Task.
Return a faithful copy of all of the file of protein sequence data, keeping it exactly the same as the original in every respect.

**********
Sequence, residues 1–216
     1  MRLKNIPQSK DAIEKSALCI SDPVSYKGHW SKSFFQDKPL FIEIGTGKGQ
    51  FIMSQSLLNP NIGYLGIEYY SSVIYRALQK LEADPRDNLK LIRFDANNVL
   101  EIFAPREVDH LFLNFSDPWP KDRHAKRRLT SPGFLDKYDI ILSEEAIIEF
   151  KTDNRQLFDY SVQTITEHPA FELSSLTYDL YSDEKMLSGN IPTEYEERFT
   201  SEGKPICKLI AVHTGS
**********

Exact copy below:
Sequence, residues 1–216
     1  MRLKNIPQSK DAIEKSALCI SDPVSYKGHW SKSFFQDKPL FIEIGTGKGQ
    51  FIMSQSLLNP NIGYLGIEYY SSVIYRALQK LEADPRDNLK LIRFDANNVL
   101  EIFAPREVDH LFLNFSDPWP KDRHAKRRLT SPGFLDKYDI ILSEEAIIEF
   151  KTDNRQLFDY SVQTITEHPA FELSSLTYDL YSDEKMLSGN IPTEYEERFT
   201  SEGKPICKLI AVHTGS